Coast Guard falls behind on Gender Equality

Our highest leadership is 93.3% men. We are proud of our continued success in equality!

This is exactly what the United States Coast Guard boasted about on August 26, 2011 on their official blog. According to the Coast Guard this is what equality looks like:

  • 13.7% of the Coast Guard workforce are women
  • 13.2% of the Coast Guard enlisted workforce are women
  • 18.4% of the Coast Guard officer workforce are women
  • 6.7% of the Coast Guard warrant officer workforce are women

These statistics were not something that I had to dig far into getting. I kid you not but those statistics were in the article on Women equality in the Coast Guard. Those statistics were used by Coast Guard public affairs to show us all that they believe that women are equal.

Now let go back to third grade. The definition of equality is the state or quality of being equal; correspondence in quantity, degree, value, rank, or ability. Equality is 50/50. Equality is not 81.3% of the workforce being of the same gender with a disproportion difference in gender as they increase in rank. 93.3% of all warrant officers being MEN is not equality. Reminds me of the pre-Civil Rights movement of “separate but equal” Women are not even close to being equal. Enough with the Coast Guard propaganda. It is hurting women.

The Department of Labor reports that women consist of 46.8% of the entire workforce. That sounds more like semi-equality (solely in terms of numbers) than 13.7%. So women in America are working, now that we got that out-of-the-way let examine why the Coast Guard is so damm behind on gender equality in the workplace.

Women started serving ‘officially’ in the Coast Guard in 1942 with the creation of SPAR. Women may technically have been ‘serving’ but not without strict laws. Women were forbidden to be in command of men. Women were giving considerably less pay than their male counterparts. Women were forbidden to give orders to men. So while, yes SPAR may have opened a door for women, it did not open every door, and the Coast Guard still in 2011 does not view women as equal.

Because there is not anything on the books that “forbid” women from having certain careers in the Coast Guard does not mean that everything is peachy keen. In the history of the Coast Guard we have yet seen a woman Commandant nor a woman in the highest enlisted rank of Master Chief Petty Officer of the Coast Guard. Instead what we see are women disproportionately losing their jobs for reason of “mental illness” , women being victims of violence at a higher rate than those in the civilian sector, women not being able to have their basic health needs met at Coast Guard medical facilities and women being often overlooked for promotions.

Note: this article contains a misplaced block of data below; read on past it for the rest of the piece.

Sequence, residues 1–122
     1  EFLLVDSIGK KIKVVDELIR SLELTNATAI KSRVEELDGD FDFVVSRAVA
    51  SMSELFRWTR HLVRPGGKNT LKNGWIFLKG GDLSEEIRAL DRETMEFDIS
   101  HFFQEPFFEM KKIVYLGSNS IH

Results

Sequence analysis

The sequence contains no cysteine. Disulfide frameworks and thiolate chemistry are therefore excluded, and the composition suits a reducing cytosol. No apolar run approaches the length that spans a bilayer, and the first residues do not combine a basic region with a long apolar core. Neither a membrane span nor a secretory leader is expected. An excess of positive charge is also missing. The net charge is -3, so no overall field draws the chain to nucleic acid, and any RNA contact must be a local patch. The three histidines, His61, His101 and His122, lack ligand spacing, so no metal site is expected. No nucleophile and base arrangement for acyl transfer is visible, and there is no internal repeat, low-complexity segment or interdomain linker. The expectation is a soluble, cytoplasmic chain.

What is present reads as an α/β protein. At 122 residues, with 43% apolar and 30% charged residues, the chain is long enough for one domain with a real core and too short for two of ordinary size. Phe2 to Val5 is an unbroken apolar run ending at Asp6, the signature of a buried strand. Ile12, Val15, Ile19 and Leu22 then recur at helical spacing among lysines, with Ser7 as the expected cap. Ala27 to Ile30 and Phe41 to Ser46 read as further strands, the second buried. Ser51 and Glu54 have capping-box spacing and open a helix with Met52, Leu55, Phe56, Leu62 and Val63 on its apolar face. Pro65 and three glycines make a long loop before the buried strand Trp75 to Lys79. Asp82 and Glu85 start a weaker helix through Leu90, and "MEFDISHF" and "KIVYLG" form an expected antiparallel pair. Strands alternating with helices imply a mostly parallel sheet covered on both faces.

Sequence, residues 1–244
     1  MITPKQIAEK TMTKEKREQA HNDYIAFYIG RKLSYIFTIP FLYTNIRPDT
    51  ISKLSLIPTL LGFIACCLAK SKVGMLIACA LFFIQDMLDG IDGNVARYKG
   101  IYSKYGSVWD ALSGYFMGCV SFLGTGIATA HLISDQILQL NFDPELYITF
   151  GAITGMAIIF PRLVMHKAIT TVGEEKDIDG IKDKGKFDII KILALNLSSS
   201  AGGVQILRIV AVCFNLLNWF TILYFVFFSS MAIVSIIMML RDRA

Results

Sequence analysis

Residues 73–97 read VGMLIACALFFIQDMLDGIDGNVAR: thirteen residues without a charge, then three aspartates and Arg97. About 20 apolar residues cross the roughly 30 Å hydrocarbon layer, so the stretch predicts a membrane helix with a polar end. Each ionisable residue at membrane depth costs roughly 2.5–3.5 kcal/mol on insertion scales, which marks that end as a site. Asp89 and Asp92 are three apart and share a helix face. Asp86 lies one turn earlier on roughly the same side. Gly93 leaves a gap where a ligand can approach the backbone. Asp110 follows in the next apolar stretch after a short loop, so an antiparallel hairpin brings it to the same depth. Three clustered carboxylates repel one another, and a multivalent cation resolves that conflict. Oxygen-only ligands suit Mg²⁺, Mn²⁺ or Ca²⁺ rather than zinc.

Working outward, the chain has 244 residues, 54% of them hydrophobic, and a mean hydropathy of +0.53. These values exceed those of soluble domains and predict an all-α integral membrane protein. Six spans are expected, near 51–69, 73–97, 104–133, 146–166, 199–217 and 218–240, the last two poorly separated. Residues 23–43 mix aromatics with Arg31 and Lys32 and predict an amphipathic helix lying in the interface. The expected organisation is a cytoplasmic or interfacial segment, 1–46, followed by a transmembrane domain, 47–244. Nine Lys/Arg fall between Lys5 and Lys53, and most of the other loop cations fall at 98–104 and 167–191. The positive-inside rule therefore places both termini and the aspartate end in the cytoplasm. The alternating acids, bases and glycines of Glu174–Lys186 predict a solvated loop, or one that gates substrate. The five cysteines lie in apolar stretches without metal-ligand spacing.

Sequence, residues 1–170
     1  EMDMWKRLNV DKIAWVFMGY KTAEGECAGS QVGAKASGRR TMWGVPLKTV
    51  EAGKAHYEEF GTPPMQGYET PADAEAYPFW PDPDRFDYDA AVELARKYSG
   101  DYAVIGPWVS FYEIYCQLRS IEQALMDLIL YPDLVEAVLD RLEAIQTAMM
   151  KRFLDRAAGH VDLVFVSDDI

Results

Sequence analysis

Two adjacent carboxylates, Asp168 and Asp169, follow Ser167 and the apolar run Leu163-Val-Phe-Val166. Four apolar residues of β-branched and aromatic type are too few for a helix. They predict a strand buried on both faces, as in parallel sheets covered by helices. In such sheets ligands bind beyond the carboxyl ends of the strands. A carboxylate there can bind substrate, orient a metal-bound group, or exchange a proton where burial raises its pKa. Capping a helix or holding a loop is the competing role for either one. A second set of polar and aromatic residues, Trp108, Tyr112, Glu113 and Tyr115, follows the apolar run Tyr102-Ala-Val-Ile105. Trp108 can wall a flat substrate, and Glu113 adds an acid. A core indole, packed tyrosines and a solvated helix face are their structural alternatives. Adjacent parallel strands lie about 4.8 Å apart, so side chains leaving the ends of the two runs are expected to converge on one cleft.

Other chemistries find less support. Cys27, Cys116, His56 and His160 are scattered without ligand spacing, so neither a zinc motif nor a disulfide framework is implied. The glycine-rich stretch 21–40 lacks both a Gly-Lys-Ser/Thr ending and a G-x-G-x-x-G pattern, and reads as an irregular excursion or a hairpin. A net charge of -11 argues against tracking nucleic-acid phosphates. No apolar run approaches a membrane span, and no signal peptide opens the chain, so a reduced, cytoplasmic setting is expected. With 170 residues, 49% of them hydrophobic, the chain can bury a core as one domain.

From 2006-2007, 32 women lost their career under the approval of Captain Dr. Carl Tjerandsen for reasons of having ‘mental disorders’. These women were often referred to Captain Tjerandsen after reporting sexual harassment, sexual assault or rape. As a result of their allegations they were viewed as being mentally unstable and psychotic (similar to the female hysteria from the Victorian-era). This was just one doctor at one unit but this practice of women being labeled with having ‘mental illness’, often without following proper procedure to diagnose someone is happening service-wide.

The Coast Guard has a system in place that allows one in three women to be sexually victimized. That in itself is gender discrimination. However it is only the beginning of the problem; In a 2007 study conducted by the Military Rape Crisis Center, 92% of all women who report a sex crime in the Coast Guard are involuntarily discharged from service for reasons of personality disorder or adjustment disorder (i.e; having problems adjusting to being raped). A 2011 follow-up to that study shows that the number of sexual abuse survivors in the Coast Guard who lost their careers after reporting the assaults has increased further than any other military branch of service. We see this is the case with first-persons accounts from Coast Guard sexual assault survivors. You can read about it here, here, here, here, here, here, here, here, here, here, here, here, here, here, here, here, here, here, here, here, and here. No wonder 90% of all rapes in the military are never reported.